Ten states and Washington, D.C., are asking the Federal Energy Regulatory Commission (FERC) to postpone its approvals of any new fossil fuel infrastructure including natural gas pipelines amid the coronavirus pandemic.
In a letter to FERC Chairman Neil ChatterjeeNeil ChatterjeeOvernight Energy & Environment — Democrats detail clean electricity program Biden nominates DC regulator to federal energy commission Former GOP energy regulator regrets partisan past MORE on Thursday, attorneys general from the states and district argued that waiting to approve new and pending infrastructure is necessary to preserve the due process rights of those who might be affected.
“The COVID-19 pandemic has imposed even greater burdens on communities attempting to organize their interests and participate in Commission proceedings,” they wrote.
“The Commission should account for the unprecedented hardships the pandemic has imposed on citizens and postpone any approvals of permanent gas infrastructure until those affected by its decisions can once again focus on these matters,” they added.
In a statement to The Hill, Chatterjee said that “we will be responding in due course” to the correspondence.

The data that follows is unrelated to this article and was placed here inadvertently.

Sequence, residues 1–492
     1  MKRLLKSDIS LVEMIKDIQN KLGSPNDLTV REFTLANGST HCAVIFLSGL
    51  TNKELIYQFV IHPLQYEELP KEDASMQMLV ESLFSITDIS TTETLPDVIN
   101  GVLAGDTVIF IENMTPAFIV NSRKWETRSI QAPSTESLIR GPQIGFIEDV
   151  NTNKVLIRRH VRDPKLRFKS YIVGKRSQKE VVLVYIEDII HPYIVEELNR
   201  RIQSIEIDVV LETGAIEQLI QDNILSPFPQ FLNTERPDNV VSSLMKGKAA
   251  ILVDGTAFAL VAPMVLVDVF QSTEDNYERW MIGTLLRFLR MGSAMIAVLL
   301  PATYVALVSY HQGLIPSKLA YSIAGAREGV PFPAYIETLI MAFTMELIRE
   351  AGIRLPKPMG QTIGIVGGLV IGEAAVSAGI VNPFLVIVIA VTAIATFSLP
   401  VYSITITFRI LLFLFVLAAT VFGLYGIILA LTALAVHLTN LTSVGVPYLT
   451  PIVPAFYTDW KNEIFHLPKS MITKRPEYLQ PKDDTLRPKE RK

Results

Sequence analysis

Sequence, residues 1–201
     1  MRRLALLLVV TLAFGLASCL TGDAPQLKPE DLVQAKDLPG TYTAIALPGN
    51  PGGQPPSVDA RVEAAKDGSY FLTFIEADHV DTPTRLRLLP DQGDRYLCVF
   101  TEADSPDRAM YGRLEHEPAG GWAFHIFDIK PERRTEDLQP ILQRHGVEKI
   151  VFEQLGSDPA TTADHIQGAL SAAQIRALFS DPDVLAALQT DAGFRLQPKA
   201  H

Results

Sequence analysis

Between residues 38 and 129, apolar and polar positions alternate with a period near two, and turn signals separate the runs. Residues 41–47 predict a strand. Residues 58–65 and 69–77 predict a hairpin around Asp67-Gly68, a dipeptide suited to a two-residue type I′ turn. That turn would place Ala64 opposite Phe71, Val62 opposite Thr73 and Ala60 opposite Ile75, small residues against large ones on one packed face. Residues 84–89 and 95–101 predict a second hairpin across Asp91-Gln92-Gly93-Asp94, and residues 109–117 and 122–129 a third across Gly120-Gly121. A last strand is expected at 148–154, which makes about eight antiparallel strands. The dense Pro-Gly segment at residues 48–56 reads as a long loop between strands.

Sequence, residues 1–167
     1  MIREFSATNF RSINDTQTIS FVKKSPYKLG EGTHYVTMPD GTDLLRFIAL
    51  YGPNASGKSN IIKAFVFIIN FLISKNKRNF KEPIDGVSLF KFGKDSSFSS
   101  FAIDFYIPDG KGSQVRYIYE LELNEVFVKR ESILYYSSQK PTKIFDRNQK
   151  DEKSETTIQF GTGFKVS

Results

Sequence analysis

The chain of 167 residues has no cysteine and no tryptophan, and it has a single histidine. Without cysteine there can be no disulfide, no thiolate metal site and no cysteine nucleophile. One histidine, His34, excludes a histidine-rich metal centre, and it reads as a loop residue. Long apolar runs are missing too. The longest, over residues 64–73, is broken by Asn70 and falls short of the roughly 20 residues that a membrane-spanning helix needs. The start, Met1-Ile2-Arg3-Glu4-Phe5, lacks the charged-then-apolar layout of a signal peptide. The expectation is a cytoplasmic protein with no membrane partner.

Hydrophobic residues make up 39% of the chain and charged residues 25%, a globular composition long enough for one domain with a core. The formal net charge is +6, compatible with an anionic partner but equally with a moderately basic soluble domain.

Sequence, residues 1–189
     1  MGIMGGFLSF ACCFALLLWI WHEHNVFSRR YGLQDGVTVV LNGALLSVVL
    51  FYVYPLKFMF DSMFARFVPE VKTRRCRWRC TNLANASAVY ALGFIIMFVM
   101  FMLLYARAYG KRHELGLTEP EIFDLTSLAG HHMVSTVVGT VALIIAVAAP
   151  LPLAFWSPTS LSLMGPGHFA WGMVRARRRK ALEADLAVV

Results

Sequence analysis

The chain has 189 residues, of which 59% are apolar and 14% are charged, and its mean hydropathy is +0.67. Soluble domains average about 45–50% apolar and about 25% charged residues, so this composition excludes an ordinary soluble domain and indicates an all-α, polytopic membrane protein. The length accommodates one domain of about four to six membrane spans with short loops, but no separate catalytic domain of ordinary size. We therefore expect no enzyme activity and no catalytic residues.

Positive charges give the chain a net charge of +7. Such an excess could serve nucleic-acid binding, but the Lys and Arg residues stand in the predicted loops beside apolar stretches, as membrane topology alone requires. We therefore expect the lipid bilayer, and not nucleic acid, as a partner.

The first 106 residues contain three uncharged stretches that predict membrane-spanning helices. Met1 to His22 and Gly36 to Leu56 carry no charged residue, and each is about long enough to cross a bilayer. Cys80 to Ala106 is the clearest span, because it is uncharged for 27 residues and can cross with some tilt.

It follows a similar ask last month from nearly 30 House Democrats, who argued that a pause was necessary “to protect the public health, our environment, and the American people’s confidence in the integrity of governmental administrative and legal proceedings.”
In a statement at the time, Chatterjee said that the country’s infrastructure should try to be prepared for a return to normalcy.
"It's imperative that the Commission continue to operate as close to normal as possible so that the industries we regulate are well-positioned to contribute to the nation's economic recovery when we all return to work,” he said.
FERC regulates interstate transmission of natural gas, oil and electricity as well as natural gas and hydropower projects.
The commission has recently come under separate scrutiny from lawmakers after a House probe found that over the past 12 years, when landowners have sought to appeal FERC’s decision to give companies eminent domain over their property, their appeals were ultimately denied every time.
Meanwhile, Democrats and environmentalists have also pushed for pauses in other government activity such as environmental rule-making during the virus outbreak.